The other army I decided on was Pyrrhus for BBDBA; this required me to finish the Campanians to be Pyrrhus’ Oscan troops. It also required an extra element of xystophoroi (3Kn) and Tarantine cavalry (LH). In all, this was 8 figures of 3Ax (four were already done), 9 figures of Oscan cavalry and 5 figures of 3Kn and LH. What was particularly pleasing was that I didn’t need to buy any of these; I actually reduced the lead pile a little.

I’ll post some pictures of these figures soon. Otherwise, I played a couple of games of DBA with Joel a while back, and some with John and Nick (also now a while back). Finally the weekend before Conquest I got to the AWC for a game of BBDBA with Mike. This proved invaluable, as Mike critiqued my decisions around the commands I’d created. The changes were very effective at Conquest.

Campanians

29 October, 2016

The Carthaginians that are going to Conquest are represented by the proper nationalities, except for the spear, for which I’ve had to use some Greek hoplites. To create a bit of balance with the Carthaginian spear, I got some more of my Campanian army painted. The Carthaginians are now taking three elements of Carthaginians, three of Greek mercenaries and three of Campanian mercenaries. These Campanians have already shown some grit, which is gratifying.

Campanian hoplites.

Campanian hoplites.

These figures have been on the painting queue for a while. Since I started them the auxilia in these armies has mostly been reclassified as 3Ax, which is probably more useful. I got the cavalry prepped a few weeks back, and I hope to paint them and four elements of the 3Ax to be able to field the Campanian army (II/8b).

From the side.

From the side.

And the other side.

And the other side.

And the rear.

And the rear.

The Campanian army is not terribly exciting, but it’s not as one-dimensional as the other two that I can make from these figures, the Bruttians and Apulians. I won’t even talk about the Samnites, which under DBA are really just speedbumps for any opponent.

Half the army is now ready to go.

Half the army is now ready to go.

The four elements of 3Ax ready to be painted.

The four elements of 3Ax ready to be painted.

I got a few shields and flags for this army from the Freikorp range. Two of the ‘flags’ are actually trophies. These troops used to take the tunics and belts of fallen enemies and display them on their spears. I’ve used them as such on a couple of the Old Glory figures. Not quite headhunters, but showing promise!

The trophy tunic and belt.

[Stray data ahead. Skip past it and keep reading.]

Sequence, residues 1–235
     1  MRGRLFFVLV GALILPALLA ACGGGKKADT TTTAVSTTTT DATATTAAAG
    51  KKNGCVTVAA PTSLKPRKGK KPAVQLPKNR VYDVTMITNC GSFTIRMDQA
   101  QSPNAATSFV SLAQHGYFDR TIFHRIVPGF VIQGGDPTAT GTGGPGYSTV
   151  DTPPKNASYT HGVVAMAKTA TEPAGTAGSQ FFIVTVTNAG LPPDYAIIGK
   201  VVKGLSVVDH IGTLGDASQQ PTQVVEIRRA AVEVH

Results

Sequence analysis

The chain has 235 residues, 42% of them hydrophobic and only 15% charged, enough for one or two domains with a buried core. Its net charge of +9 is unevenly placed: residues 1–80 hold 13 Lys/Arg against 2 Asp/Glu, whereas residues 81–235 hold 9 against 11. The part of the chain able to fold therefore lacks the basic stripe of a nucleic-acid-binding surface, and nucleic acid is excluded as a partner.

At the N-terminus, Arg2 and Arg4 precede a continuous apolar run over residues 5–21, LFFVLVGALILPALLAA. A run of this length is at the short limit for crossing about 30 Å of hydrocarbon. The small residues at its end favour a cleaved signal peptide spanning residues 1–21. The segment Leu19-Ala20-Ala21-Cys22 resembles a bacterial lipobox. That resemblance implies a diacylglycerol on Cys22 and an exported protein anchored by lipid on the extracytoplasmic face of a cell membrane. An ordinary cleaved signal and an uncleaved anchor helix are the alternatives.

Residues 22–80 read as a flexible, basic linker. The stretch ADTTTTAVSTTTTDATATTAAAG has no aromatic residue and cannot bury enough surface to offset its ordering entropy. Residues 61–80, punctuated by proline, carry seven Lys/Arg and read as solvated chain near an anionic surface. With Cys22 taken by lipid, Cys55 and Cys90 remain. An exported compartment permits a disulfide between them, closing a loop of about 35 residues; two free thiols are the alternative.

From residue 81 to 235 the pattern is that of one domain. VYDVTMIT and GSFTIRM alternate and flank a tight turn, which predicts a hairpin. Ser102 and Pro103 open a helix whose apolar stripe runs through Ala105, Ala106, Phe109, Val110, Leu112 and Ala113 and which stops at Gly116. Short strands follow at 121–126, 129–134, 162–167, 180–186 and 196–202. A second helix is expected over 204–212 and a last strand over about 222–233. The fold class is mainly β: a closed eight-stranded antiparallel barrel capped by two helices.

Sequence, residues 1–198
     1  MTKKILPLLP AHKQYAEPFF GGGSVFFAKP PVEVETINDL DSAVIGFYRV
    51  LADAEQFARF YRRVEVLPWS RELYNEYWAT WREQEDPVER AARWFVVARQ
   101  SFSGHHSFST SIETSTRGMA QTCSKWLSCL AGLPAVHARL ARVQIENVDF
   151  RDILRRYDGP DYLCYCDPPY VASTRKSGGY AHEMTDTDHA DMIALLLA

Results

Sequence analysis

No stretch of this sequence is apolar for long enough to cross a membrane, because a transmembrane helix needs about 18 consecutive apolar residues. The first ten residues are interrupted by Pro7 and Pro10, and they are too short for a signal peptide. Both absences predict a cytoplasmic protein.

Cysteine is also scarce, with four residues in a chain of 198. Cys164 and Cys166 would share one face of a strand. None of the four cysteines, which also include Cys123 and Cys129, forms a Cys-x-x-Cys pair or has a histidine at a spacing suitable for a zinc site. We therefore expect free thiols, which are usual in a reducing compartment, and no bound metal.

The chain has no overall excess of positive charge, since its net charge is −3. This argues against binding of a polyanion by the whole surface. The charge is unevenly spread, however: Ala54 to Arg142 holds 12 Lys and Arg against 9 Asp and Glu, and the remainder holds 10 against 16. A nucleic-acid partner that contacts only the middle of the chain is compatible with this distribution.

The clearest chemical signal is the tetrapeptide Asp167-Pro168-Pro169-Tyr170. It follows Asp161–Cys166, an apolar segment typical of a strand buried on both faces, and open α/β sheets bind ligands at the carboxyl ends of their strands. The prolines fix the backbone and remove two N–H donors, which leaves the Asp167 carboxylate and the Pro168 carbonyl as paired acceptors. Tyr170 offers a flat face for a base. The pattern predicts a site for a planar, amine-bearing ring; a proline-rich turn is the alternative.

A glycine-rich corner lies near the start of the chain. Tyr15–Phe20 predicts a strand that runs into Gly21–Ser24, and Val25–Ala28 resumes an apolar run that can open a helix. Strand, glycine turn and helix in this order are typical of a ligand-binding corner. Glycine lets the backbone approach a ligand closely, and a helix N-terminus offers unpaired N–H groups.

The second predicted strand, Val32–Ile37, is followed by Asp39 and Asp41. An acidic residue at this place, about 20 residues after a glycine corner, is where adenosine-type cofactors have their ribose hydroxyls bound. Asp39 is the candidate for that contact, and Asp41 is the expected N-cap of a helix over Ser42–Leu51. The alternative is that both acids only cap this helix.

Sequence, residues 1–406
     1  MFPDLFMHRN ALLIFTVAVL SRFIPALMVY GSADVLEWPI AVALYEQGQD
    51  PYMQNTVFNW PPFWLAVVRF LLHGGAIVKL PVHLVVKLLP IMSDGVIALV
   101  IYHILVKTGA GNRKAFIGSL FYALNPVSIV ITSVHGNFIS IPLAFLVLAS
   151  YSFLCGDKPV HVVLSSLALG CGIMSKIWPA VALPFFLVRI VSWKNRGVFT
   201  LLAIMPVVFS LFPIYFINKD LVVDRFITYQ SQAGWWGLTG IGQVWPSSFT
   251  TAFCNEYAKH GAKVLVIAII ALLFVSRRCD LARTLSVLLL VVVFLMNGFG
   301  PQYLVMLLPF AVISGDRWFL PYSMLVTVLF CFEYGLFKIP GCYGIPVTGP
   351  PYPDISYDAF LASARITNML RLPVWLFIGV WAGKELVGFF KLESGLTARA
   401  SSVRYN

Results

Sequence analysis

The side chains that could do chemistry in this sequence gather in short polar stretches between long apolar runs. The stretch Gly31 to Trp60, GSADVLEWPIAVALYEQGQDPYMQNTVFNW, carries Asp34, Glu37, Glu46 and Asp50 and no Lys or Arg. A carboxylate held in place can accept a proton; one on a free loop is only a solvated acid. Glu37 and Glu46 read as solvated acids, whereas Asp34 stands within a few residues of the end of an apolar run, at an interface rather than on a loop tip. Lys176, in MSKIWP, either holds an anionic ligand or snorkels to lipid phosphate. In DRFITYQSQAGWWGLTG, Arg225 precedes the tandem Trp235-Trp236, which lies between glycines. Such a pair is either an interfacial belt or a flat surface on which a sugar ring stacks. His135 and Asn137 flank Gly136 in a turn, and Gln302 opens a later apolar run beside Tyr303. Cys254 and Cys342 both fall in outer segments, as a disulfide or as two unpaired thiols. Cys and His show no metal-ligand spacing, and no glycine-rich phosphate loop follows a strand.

The trophy tunic and belt.

The cavalry needed a bit of preparation. Green stuff filled big gaps between the saddles and horses. Shields were on some, others have been salvaged from Freikorp thureophoroi that became imitation legionaries, and others are CB caetrae from their Spanish range.

The Southern Italian cavalry. The trophy on one has had a wardrobe malfunction.

The Southern Italian cavalry. The trophy on one has had a wardrobe malfunction.

When I’ve done this army, I may look to paint an Armenian army to complement my Mithridatic one.

Gallic Cavalry

23 October, 2016

I’ve finished the last of the figures I needed to get done for my trip to Conquest in two weeks time. These are a command element for my Marian Romans, and four elements of Gallic cavalry.

The Roman command is to replace the one I have of Julius Caesar. I’ve called the commander Quintus Labienus, the only one of Caesar’s legates who did not follow him over the Rubicon. Labienus was not only a brilliant commander, but also probably a man of principle; his decision to fight for the republic rather than his commander in Gaul is likely to have been taken out of a sense of loyalty to the concept of the republic; the idea he was a client of Pompey is reductive.

Caesar and Labienus.

Caesar and Labienus.

I’m not sure I’m entirely happy with this element. They are all Freikorp figures, but the standard bearer is a giant next to the earlier figures. Nevertheless, I look forward to using Labienus rather than Caesar!

Another angle.

Another angle.

Another.

Another.

The four new elements of Gallic cavalry took quite a while to get done. At the last minute I found another figure to allow me to do four elements, rather than have a HotT hero. It involved using a figure from my Ancient British LH that are orphans until I get some more 3Wb; the horse was left over from an element of Carthaginian cavalry, which was fortuitous.

Four Gallic cavalry.

Four Gallic cavalry.

These were hard to fit on the bases. Both the CB and the Xyston figures are a bit animated. Keeping ‘hands inside the bus’ hasn’t entirely worked, especially on the sides of the elements. However, I’m pleased with the way the Xyston figures look amongst the Corvus Belli ones (and with the news that CB will be back in production again.